WILLIAMSTOWN — "Is there anybody from the Williamstown PD that would dare to take up the mantle," Bilal Ansari asked before a crowd of protesters Friday evening, "to take up this sign and put it in front of that sign and say that Black Lives Matter?"

Ansari held up just such a sign, led a crowd of protesters in chanting the phrase and walked to the entrance of the Williamstown Police Department at Route 7 and Simonds Road. The department's second in command, Lt. Michael "Mike" Ziemba, took the sign and, using his left foot, anchored it into the ground.

"Kneel with me," Ansari said, clasping Ziemba's right hand as the two men knelt on the grass, facing one another.

"Do you take the commitment to 'Not in Our County' to 'Not in Our Town?' " Ansari asked Ziemba, referring to a local and national pledge for safe, inclusive communities.

The lieutenant nodded and shook Ansari's hand: "Yes."

Ansari responded: "Thank you."

Performative or not, this appeared to be the first in-person response to community members calling for police reform since department veteran Sgt. Scott McGowan filed a federal lawsuit Aug. 12 alleging that Police Chief Kyle Johnson engaged in sexual and racial harassment and other demeaning behaviors for more than a decade.

Ziemba said morale in the department is low — as many say it is in town — especially since police personnel have been advised to not publicly discuss details of the case.

"But, I will say we don't want people in the town to not trust that they can pick up the phone and call us. We don't want people to feel that way. We want to fix this," Ziemba said.

"You have a platform to hold fellow officers accountable now," Jessica Dils told him.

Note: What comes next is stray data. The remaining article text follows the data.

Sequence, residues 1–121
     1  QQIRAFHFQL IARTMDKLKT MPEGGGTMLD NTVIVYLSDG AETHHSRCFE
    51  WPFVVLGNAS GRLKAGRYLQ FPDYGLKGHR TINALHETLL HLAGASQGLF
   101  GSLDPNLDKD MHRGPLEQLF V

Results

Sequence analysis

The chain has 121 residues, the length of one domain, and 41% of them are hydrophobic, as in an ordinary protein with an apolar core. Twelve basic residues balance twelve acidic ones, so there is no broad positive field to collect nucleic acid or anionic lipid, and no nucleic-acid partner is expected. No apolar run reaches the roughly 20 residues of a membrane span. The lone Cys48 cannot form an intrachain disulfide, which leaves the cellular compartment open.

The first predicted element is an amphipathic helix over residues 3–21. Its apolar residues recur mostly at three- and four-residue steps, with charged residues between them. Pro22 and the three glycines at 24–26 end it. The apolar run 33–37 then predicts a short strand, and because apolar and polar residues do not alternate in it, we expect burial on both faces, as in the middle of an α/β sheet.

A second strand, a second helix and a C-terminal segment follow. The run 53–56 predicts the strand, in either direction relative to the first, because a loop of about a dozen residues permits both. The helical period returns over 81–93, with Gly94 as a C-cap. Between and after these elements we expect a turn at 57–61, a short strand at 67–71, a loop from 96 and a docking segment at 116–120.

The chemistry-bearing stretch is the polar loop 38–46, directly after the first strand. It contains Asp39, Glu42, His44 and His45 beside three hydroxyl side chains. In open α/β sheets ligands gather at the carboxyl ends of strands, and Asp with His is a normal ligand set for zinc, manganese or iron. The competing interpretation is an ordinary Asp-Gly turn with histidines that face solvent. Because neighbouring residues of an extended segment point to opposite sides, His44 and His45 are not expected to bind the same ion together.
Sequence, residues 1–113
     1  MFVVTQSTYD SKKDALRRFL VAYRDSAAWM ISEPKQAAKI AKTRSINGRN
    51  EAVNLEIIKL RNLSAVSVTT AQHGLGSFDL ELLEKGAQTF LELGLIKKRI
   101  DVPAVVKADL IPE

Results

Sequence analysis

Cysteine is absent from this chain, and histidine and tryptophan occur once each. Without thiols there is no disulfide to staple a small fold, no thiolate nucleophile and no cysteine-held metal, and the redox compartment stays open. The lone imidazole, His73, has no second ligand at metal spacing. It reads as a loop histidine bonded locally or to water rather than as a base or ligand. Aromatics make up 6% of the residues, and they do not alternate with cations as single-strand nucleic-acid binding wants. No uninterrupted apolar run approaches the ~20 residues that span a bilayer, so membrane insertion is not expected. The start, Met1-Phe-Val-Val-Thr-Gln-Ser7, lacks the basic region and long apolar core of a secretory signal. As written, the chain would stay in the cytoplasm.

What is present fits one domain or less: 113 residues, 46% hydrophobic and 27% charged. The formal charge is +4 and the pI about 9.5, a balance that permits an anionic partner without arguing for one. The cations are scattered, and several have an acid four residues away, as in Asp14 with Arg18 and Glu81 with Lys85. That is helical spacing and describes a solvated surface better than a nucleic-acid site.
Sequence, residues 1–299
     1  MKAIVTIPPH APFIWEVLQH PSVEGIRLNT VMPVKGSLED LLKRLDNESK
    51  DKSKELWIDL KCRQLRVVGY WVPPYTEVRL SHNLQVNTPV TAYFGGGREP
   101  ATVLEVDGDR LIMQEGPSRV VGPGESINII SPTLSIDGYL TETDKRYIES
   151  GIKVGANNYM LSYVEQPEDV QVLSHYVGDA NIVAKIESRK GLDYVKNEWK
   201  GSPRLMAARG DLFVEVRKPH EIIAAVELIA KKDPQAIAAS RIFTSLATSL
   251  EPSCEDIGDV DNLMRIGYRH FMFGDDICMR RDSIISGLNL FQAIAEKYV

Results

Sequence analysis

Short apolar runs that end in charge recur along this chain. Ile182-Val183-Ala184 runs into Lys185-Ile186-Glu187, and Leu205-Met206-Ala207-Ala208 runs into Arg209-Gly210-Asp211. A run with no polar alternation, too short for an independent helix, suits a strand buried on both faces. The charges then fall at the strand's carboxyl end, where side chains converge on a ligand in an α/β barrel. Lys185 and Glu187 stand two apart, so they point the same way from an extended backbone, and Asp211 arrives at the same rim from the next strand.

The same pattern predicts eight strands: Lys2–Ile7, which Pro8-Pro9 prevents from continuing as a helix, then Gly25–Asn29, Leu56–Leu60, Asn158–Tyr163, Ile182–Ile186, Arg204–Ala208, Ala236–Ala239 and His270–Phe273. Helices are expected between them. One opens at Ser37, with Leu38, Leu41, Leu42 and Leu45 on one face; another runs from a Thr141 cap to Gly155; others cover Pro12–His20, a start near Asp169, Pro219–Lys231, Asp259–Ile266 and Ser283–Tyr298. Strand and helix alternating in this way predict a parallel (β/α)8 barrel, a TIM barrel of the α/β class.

Dils co-organized Friday's Williamstown March for Police Accountability along with Margot Besnard.

The event stepped off at Field Park at the town's rotary and went deliberately by the steps of Town Hall before culminating in the police station parking lot. Ziemba was the only visibly uniformed officer to participate in the gathering.

Some passersby vocally opposed the protest, with one driver giving a thumbs-down, another shouting, "Leave the police alone," and a third yelling out, "All lives matter."

During her time at the bullhorn, Besnard, as well as a member of the Williamstown Youth Abolition Coalition, called for Johnson and Town Manager Jason Hoch, a co-defendant in the lawsuit, to be put on administrative leave.

The youth member who spoke said that, despite voters unanimously approving to adopt at Tuesday night's annual town meeting the Not in Our County pledge and a second citizens' petition for equity, members of the youth coalition were still being "criticized by adults on Facebook" for calling for police oversight.

"Williamstown isn't protecting its most vulnerable," Besnard said.

Resident Peggy Kern echoed the call for an independent investigation sought by other leaders in the town, including Select Board Chair Jane Patton and Williams College President Maud S. Mandel.

"I'm here tonight for public safety," Kern said. "I'm here because my Black neighbors, the myriad, the many, many Black students who are about to return to us from Williams College — anybody who is a member of our community who's ever suffered a sexual assault or who has been harassed — deserves to know this community is not going to tolerate this," Kern said."We do not have to wait for a lawsuit to conclude, in order to assert, that this is unacceptable. We want community oversight over the Police Department."

Jenn Smith can be reached at jsmith@berkshireeagle.com, at @JennSmith_Ink on Twitter and 413-629-4517.